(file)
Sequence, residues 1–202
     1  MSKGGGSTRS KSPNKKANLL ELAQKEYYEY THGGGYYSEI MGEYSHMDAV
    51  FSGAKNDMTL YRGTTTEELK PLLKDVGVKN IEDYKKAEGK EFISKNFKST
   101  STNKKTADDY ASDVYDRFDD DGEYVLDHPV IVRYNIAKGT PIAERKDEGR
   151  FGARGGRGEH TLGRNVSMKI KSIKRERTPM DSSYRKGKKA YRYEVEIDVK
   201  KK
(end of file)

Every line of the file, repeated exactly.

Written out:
Sequence, residues 1–202
     1  MSKGGGSTRS KSPNKKANLL ELAQKEYYEY THGGGYYSEI MGEYSHMDAV
    51  FSGAKNDMTL YRGTTTEELK PLLKDVGVKN IEDYKKAEGK EFISKNFKST
   101  STNKKTADDY ASDVYDRFDD DGEYVLDHPV IVRYNIAKGT PIAERKDEGR
   151  FGARGGRGEH TLGRNVSMKI KSIKRERTPM DSSYRKGKKA YRYEVEIDVK
   201  KK